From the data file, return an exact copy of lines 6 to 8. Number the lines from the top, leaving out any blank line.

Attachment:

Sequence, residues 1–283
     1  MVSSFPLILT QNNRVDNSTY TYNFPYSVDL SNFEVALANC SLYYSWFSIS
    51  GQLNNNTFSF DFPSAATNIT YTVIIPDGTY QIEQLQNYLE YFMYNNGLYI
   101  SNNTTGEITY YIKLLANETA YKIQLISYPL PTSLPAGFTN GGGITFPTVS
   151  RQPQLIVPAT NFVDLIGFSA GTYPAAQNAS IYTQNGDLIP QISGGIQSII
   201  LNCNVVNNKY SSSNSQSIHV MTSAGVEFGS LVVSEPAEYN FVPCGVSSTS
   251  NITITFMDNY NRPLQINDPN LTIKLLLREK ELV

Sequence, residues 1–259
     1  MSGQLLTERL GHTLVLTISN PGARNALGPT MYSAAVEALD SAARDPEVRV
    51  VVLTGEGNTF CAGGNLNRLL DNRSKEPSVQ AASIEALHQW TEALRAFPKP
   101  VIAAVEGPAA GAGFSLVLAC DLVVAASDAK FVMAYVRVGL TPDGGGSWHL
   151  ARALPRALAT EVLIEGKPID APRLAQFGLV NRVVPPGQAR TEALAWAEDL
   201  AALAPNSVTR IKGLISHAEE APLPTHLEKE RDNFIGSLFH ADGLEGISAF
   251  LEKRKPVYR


   201  LNCNVVNNKY SSSNSQSIHV MTSAGVEFGS LVVSEPAEYN FVPCGVSSTS
   251  NITITFMDNY NRPLQINDPN LTIKLLLREK ELV

Sequence, residues 1–259